With the proliferation of services to store files online (e.g. Dropbox, Google Drive, OneDrive, etc.) has come a proliferation of client software for interacting with those services. Cyberduck is a file manager that supports the most popular file storage services. It also supports common protocols like FTP, SFTP, and WebDAV. In addition, Cyberduck can make use of an external editor to provide editing of remote files (e.g., to edit a static website). Users of Amazon's Simple Storage Service (S3) will find integrated support for the extended features of S3 like file versioning, bucket lifecycles, access control lists, and multi-part uploads. Cyberduck's integrated support for Cryptomator encryption can encrypt files before uploading them to cloud storage for additional security. Users of multiple services may appreciate Cyberduck's bookmarking feature. Cyberduck is available for macOS and Windows. [CRH]

Copyright © 2017 Internet Scout Research Group - http://scout.wisc.edu

The federal judiciary is considering blocking public online access to criminal court records on PACER to prevent inmates from learning information about confidential informants.

The idea is one of several under consideration as the U.S. Judicial Conference considers the impact of disclosure, the Wall Street Journal (sub. req.) reports.

A recent survey (PDF) of federal judges, prosecutors, defenders and probation offices by the Federal Judicial Center found that nearly 700 witnesses and informants perceived as snitches had been threatened, wounded or killed over a three year period.

U.S. District Judge Lewis Kaplan of Manhattan told the U.S. Judicial Conference's criminal rules committee in April that PACER is part of the problem, according to the Wall Street Journal account. Though federal inmates don't have PACER access, they often get information from others.

"Anonymous remote public access to PACER is a source of much of the information that gets into prisons about who is cooperating," Kaplan said.


New Phone Scam Involves Bogus Certified Letters

Beware of a new scam linked to the Electronic Federal Tax Payment System (EFTPS), in which fraudsters call to demand an immediate tax payment through a prepaid debit card. This scam is being reported across the country.


The Internal Revenue Service today warned people to beware of a new scam linked to the Electronic Federal Tax Payment System (EFTPS), where fraudsters call to demand an immediate tax payment through a prepaid debit card. This scam is being reported across the country, so taxpayers should be alert to the details.

In the latest twist, the scammer claims to be from the IRS and tells the victim about two certified letters purportedly sent to the taxpayer in the mail but returned as undeliverable. The scam artist then threatens arrest if a payment is not made through a prepaid debit card. The scammer also tells the victim that the card is linked to the EFTPS system when, in fact, it is entirely controlled by the scammer. The victim is also warned not to contact their tax preparer, an attorney or their local IRS office until after the tax payment is made.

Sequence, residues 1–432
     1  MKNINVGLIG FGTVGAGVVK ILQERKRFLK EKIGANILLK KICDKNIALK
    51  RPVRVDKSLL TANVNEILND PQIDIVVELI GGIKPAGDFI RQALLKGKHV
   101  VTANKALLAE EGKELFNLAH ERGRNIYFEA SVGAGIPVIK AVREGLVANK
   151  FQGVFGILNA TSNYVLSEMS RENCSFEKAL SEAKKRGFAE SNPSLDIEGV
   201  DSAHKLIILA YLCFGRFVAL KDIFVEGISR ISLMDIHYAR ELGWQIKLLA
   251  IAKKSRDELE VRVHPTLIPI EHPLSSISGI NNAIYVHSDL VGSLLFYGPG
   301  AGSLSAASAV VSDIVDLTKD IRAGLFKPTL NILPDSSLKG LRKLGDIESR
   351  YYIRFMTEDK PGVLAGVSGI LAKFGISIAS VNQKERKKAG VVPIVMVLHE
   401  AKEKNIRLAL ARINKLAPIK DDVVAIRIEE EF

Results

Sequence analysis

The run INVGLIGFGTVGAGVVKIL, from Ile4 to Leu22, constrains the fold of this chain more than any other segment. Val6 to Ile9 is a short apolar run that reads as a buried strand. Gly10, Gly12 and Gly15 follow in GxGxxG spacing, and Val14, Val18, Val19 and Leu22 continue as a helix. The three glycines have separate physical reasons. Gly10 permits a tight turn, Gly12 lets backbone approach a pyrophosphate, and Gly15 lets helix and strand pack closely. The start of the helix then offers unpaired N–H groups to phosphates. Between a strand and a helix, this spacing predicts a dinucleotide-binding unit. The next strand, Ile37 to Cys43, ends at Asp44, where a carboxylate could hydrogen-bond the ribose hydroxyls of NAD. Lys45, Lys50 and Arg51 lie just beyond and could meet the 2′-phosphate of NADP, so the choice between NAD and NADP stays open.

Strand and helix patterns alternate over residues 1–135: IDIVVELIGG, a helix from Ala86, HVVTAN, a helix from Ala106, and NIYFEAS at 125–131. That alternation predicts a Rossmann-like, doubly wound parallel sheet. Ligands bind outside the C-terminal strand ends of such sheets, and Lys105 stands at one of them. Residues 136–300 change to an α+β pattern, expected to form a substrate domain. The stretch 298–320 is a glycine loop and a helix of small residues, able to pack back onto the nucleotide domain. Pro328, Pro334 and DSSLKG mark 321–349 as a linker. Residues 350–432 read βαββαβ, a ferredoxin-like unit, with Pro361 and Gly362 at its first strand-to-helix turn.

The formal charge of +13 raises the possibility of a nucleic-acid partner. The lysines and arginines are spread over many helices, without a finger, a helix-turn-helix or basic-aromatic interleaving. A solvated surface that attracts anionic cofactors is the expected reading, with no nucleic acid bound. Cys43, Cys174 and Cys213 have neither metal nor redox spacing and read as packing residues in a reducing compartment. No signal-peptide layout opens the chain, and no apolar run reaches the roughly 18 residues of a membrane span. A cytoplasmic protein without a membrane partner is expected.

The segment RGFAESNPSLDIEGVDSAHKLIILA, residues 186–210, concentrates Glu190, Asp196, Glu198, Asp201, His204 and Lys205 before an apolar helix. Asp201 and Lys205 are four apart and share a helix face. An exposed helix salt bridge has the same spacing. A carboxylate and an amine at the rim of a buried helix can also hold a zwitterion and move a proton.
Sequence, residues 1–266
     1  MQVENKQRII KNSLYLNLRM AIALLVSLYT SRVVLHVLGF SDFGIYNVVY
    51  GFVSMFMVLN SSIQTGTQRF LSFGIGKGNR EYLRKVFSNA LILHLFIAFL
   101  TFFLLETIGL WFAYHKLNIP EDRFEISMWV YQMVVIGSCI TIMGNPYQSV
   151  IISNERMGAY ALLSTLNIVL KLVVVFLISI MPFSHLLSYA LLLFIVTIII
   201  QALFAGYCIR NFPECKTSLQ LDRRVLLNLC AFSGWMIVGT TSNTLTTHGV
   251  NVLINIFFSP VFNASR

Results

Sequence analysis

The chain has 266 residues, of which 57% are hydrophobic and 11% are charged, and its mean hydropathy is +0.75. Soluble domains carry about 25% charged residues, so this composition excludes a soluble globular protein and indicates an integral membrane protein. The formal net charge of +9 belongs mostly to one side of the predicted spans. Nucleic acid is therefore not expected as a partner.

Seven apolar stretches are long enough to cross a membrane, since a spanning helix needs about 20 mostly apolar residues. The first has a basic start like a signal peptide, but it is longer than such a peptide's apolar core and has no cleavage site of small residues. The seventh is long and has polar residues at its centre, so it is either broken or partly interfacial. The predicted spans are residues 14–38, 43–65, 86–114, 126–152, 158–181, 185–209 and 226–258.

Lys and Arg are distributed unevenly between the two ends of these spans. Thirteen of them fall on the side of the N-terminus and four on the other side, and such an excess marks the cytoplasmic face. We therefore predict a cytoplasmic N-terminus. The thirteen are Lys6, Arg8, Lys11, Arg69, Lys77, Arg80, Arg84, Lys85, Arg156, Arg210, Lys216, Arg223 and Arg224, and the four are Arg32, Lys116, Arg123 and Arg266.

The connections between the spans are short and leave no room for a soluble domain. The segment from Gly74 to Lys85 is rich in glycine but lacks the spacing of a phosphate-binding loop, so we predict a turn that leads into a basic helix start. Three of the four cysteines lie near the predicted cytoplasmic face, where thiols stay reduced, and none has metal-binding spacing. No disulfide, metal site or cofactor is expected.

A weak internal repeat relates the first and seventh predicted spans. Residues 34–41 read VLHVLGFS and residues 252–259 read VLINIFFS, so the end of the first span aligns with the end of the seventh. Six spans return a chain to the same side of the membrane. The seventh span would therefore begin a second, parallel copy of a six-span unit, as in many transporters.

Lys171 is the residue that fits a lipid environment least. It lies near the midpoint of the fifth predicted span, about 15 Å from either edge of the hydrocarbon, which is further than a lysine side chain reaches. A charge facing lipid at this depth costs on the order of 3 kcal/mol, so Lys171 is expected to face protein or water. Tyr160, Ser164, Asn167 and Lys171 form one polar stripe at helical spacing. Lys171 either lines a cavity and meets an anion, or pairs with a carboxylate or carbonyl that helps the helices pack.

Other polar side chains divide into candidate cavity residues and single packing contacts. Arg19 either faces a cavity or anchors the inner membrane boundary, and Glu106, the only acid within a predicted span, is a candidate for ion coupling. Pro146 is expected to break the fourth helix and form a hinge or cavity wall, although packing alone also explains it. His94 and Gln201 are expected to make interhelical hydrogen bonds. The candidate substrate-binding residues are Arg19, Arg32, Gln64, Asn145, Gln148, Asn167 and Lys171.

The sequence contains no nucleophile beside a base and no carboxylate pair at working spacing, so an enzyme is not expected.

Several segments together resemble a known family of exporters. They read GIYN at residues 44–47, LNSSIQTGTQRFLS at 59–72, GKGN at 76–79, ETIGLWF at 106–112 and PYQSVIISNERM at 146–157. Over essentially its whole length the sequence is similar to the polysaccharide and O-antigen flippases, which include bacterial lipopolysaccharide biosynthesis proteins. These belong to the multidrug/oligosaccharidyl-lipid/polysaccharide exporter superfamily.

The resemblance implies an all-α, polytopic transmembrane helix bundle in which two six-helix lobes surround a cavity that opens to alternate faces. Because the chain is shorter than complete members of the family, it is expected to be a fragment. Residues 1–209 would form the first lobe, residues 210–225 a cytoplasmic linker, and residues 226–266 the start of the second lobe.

"This is a new twist to an old scam," said IRS Commissioner John Koskinen. "Just because tax season is over, scams and schemes do not take the summer off. People should stay vigilant against IRS impersonation scams. People should remember that the first contact they receive from IRS will not be through a random, threatening phone call."


Legal History Blog

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A team of legal scholars from a range of backgrounds author the Legal History Blog, a resource that will be of interest to historians, lawyers, law librarians, and anyone else interested in how U.S. law has been interpreted over the years. Updated almost daily, this blog offers scholars and general readers a way to stay abreast of the field of legal history. Entries include updates about new journal articles, books, and conferences of interest. One notable highlight of this blog is the Sunday Book Review Roundup, which provides an overview of new book reviews from The New York Times Book ReviewThe Washington PostThe LA Review of Books, and other periodicals. Visitors can browse previously published entries by subject labels, including Business History, Congressional Law, Originalism and the Founding Period, and Voting Rights, to name just a few. [MMB]

Copyright © 2017 Internet Scout Research Group - http://scout.wisc.edu

New York State Bar Association-House of Delegates Meeting

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Watch the NYSBA House of Delegates in action on Saturday, June 17th beginning at 8:30 a.m. by clicking http://www.totalwebcasting.com/view/?id=nysbar and choosing the June meeting. 

, New York Law Journal

Gov. Andrew Cuomo on Thursday afternoon announced that he would nominate Justice Paul Feinman to the State Court of Appeals seat left vacant by the death of Sheila Abdus-Salaam.

In an interview on NY1, the Democratic governor called Feinman "an extraordinary human being and will be a great addition on that court."

If confirmed by the State Senate, Feinman would become the first openly gay judge to serve on the state's highest court.


Federal Judge Xavier Rodriguez denied key parts of the San Antonio Zoo's motion for summary judgement, holding that the Animal Legal Defense Fund had provided sufficient facts demonstrating the zoo may be violating the Endangered Species Act (ESA) by holding an endangered elephant, Lucky, in conditions that injure her both physically and psychologically. The zoo must now defend its treatment of Lucky in a full trial, currently scheduled to begin on Oct. 2, 2017.

The ruling, released Friday, June 9, also strongly rejected the zoo's legal argument that its purported compliance with the Animal Welfare Act shields it from liability under the ESA. This is a significant legal ruling that has broad application to any endangered species in captivity, including Lolita the orca, whose captivity at the Miami Seaquarium in a shockingly tiny tank has been the subject of litigation for years.


NYSBA | Service Animals Guide

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People with disabilities may rely on dogs and other service animals to assist them at their homes and workplaces, schools, retail stores, restaurants, theaters and when traveling. However, there has been confusion both for those who use service animals and those who must accommodate them. The New York City Bar Association and the New York State Bar Association have released this guide jointly to help clarify the legal rights and obligations involving the use of service animals in the state. The associations encourage the downloading, copying and distribution of the Guide throughout the state.